In 1983, Stéphane Lissner was director of the Théâtre National de Nice when he joined the opera world with a three month contract at the Théâtre du Châtelet in Paris, starting with a major production of Rameau’s Les Indes Galantes. The contract turned permanent and Lissner has stayed in opera ever since. Festival d'Aix-en-Provence, La Scala, Paris Opéra and now Superintendent of the Teatro di San Carlo in Naples: his CV reads like a hit parade of world opera. We talk about the current situation at the world’s oldest continuously active opera house, his plans for its future, and more: our conversation reveals a clear-sighted, purposeful man with no fear of speaking his mind.

Stéphane Lissner
© Francesco Squeglia

DK: The Covid-19 crisis is hurting the entire opera world. How did the crisis unfold in Naples? What were the most important issues you had to deal with?

SL: The first issue that had to be dealt with was to avoid the San Carlo employees going on unemployment benefit, which unfortunately, here in Italy, only entitles them to about half their salary. In a city like Naples, in a theatre like the San Carlo where salaries are not very high, receiving only half one's salary means finding oneself without the capacity to pay one's bills and to support one's family. So my objective for the last year has been to create activities. The latest important activity, which lasted three months, was setting up training courses on new skills, linked to new technologies, and on general culture. This allowed me to bring in great Italian personalities – intellectuals, writers, philosophers, art historians, museum directors, political journalists – to open up to the employees fields outside the opera and music worlds. It was financed by the Ministry of Labour through a 700 million Euro competition, which was very significant across Italy. We were the only theatre to apply.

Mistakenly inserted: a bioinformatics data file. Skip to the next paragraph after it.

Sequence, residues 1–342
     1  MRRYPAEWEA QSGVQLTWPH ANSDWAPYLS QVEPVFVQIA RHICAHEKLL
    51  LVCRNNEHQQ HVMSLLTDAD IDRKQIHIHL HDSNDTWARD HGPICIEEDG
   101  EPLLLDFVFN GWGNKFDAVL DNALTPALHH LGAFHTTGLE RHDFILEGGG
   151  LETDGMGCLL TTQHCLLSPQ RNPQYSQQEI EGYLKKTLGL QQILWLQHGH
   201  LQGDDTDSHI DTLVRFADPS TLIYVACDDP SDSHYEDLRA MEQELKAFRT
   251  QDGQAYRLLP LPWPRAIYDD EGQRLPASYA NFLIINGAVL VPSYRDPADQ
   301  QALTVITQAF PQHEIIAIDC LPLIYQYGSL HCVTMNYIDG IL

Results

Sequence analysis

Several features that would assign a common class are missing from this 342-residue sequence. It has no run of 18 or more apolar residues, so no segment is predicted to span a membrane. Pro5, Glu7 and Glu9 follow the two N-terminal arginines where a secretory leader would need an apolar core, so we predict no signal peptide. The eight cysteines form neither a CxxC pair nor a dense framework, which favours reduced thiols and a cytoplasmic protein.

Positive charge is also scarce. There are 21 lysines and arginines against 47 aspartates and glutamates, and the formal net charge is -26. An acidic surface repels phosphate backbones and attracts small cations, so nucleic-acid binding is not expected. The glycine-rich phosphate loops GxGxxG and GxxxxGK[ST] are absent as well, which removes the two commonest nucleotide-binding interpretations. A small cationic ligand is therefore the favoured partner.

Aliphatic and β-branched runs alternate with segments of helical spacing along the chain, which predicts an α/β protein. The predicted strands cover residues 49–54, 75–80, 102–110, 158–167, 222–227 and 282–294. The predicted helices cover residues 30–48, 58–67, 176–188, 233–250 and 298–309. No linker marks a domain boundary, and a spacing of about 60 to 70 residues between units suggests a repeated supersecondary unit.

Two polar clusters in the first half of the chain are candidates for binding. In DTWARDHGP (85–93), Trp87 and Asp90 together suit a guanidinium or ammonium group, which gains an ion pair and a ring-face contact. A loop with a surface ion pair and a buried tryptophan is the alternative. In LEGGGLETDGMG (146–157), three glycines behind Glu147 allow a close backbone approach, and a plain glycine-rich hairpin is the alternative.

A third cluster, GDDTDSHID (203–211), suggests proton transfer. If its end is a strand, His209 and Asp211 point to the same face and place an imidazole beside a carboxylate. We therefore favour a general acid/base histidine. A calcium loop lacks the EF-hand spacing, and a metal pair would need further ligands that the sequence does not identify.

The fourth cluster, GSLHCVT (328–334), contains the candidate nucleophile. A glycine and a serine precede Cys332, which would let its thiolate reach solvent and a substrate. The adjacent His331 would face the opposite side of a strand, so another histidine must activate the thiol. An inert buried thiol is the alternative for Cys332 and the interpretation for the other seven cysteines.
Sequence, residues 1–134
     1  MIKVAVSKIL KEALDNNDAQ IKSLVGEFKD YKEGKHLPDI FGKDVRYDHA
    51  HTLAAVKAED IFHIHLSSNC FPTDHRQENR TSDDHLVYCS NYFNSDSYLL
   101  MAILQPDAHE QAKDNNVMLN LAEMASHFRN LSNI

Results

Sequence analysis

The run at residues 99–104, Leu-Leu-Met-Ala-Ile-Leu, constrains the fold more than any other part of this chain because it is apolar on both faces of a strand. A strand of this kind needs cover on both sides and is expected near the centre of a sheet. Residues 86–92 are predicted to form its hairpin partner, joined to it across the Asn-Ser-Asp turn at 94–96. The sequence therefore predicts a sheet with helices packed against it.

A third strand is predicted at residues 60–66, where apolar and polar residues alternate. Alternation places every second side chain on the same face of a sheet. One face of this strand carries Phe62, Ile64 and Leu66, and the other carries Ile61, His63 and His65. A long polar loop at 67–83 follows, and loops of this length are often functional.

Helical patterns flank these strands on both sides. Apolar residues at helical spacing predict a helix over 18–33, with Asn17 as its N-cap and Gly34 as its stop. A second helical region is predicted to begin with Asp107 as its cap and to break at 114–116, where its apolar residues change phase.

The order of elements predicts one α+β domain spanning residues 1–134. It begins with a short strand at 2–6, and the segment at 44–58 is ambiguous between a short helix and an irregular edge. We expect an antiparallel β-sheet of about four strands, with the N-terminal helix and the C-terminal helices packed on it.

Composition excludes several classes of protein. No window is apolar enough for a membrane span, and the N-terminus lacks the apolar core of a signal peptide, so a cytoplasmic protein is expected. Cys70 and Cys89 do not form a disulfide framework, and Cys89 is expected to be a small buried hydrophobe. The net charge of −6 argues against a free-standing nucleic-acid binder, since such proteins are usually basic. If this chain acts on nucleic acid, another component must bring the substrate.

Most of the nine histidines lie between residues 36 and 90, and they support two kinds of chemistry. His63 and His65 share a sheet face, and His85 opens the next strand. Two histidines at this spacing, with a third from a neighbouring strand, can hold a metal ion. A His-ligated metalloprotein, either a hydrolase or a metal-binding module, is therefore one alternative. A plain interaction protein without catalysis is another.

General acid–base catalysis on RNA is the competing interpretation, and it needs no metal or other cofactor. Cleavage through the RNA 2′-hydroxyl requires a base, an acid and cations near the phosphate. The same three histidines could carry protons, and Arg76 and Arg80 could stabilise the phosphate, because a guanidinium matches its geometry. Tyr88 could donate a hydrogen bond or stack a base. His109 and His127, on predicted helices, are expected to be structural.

There was, of course, all the artistic activity: streaming, concerts. We went through different periods: the theatre open with half an audience, the theatre with only a third of the audience... Then we had the theatre closed for several weeks. Now, we have arranged a whole series of concerts, starting with Cavalleria rusticana with Elina Garanča and Jonas Kaufmann. In the next few days, we will begin rehearsals for the summer, for which we have a very busy programme from June onwards. So we are going through this period determined to support all our employees – chorus, orchestra, ballet, as well as the technical and administrative staff.

You’ve mentioned your employees: is there also, as there would be in England, an issue with freelance workers?

No: in England, there are no annual contracts. In Italy, contracts are annual. What is very difficult here is that as the salaries are very low, a certain number of people – the technical staff, for example – work evenings or weekends, trying to have small jobs to top up their main salary. And obviously with lockdown, all these people have not been able to keep their usual supplementary salaries, especially since the second wave, which has affected and is still affecting a lot of southern Italy at the moment, whereas the first wave mainly hit Lombardy and the North.

Everywhere, I think, cultural organisations are going through terribly difficult times. There is no work, no income, and the catastrophe is not only economic but also psychological, because people are experiencing enormous distress due to the lack of reference points, of perspective. And I don't think that European governments in general have supported culture very much. Young people, students and cultural organisations are very much affected.